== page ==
Skip to Content

October 26th, 2016 / by Mike Cooney

Are We Done Asking For Salary History From Candidates?

A progressive new Massachusetts law banning asking candidates for salary histories during the interview process was signed on August 1st of this year.  This law has quickly gained traction, more than any other employment law prior.  Just four weeks later, New York City and the state of California have already signed similar laws.  Now a delegate from D.C. will introduce the legislature to Congress to make it a nationwide ban.

Little question, big impact

The driving purpose of the law is to increase pay equity among workers, mainly women. Since women are underpaid relative to men performing the same or similar work, the continued practice of basing a new hire’s compensation off of their last jobs compounds the ongoing inequity. Although other groups stand to gain as well.  Recent college graduates who started their first jobs during the recession may see their rates catch up. According to some HR leaders, this small change could “eliminate the gender wage gap within a decade.”

Old practice upended

This change upends what has long been a common practice in recruitment. Companies often put the salary question on applications as a way to whittle down large numbers of candidates for open jobs. Without being able to use this question as screening criteria, hiring mangers will have to find other ways to determine if there is a match between what candidates are looking to earn and what the company can afford to pay.  An obvious work around is to ask what the candidate is expecting in terms of salary, but it remains to be seen if this will be a viable option. As of right now, we don’t know.  There will be more coming as the law is implemented.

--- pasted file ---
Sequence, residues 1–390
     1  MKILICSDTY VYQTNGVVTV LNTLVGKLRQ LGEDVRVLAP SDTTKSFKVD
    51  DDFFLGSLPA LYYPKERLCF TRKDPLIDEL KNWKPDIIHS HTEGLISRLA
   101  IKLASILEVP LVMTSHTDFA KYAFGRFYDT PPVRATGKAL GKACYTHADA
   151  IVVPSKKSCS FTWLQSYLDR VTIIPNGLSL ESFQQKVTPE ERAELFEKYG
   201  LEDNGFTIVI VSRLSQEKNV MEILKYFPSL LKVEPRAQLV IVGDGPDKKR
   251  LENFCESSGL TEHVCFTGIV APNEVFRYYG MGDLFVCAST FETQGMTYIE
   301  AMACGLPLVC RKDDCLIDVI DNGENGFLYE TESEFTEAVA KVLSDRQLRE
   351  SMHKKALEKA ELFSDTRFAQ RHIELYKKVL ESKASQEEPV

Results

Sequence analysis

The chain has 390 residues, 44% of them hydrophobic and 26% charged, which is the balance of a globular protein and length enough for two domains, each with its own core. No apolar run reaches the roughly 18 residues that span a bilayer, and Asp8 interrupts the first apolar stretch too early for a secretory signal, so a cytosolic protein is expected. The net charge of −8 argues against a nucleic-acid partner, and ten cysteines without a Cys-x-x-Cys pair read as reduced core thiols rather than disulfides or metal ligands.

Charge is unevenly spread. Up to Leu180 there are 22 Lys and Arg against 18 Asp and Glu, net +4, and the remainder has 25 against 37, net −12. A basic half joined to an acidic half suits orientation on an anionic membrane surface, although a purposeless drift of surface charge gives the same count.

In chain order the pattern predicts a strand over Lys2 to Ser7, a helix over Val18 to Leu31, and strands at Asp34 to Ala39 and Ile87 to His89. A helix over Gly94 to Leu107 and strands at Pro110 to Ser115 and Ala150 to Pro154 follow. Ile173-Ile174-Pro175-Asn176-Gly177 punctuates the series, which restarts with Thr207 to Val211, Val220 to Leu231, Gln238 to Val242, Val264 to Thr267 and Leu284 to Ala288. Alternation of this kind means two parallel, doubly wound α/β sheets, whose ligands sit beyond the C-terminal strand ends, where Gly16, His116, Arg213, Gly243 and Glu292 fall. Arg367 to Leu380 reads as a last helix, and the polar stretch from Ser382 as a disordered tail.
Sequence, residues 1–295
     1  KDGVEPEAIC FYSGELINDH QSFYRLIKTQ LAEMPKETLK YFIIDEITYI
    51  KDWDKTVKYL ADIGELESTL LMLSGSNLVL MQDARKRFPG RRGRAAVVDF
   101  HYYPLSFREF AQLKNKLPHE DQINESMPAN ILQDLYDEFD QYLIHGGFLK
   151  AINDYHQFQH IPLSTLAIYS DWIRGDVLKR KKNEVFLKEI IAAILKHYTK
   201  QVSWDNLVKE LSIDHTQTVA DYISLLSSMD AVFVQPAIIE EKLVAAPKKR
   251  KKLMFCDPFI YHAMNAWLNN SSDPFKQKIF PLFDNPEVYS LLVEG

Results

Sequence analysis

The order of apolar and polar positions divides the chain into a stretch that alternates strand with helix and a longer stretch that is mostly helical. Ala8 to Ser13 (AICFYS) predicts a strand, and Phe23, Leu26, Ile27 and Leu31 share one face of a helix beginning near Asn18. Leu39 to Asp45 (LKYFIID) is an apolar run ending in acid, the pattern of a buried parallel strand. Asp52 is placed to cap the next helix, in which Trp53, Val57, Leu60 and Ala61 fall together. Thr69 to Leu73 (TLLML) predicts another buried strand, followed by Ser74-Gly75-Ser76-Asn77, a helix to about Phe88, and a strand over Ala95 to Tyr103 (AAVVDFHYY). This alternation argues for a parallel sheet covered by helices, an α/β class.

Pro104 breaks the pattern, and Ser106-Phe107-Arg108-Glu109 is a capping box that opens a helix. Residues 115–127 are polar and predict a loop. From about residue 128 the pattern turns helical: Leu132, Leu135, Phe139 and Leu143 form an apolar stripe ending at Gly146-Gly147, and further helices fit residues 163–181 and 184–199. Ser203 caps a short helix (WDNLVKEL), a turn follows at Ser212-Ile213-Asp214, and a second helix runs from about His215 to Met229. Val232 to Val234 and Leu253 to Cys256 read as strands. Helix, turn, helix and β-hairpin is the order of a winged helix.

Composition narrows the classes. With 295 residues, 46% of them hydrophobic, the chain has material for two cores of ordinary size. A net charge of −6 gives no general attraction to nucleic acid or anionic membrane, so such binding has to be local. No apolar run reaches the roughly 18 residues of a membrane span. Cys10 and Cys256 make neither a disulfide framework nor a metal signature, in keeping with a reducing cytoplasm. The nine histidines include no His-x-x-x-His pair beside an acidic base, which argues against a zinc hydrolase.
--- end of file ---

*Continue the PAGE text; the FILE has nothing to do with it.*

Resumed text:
New Standards

Since many companies craft their offers based on a candidates past salary level, they will need to find new ways to evaluate a candidate’s value. Knowing how much the position is worth to your organization is a good starting point, followed by comparing the candidates experience, skills, past achievements, against the scope of responsibilities in the new position, and not least fair market value for your area.

To do list

This law and its variations are going into effect quickly in different cities and states across the US now.  National changes could be soon to follow.  Organizations will want to be aware of laws in the cities and states in which they hire, and at the minimum remove salary questions from job applications and train hiring managers not to ask salary related questions in interviews where prohibited.  At most, it’s probably a good time for employers to conduct an audit of their pay practices, looking for any discrepancies between employees performing ‘comparable’ work.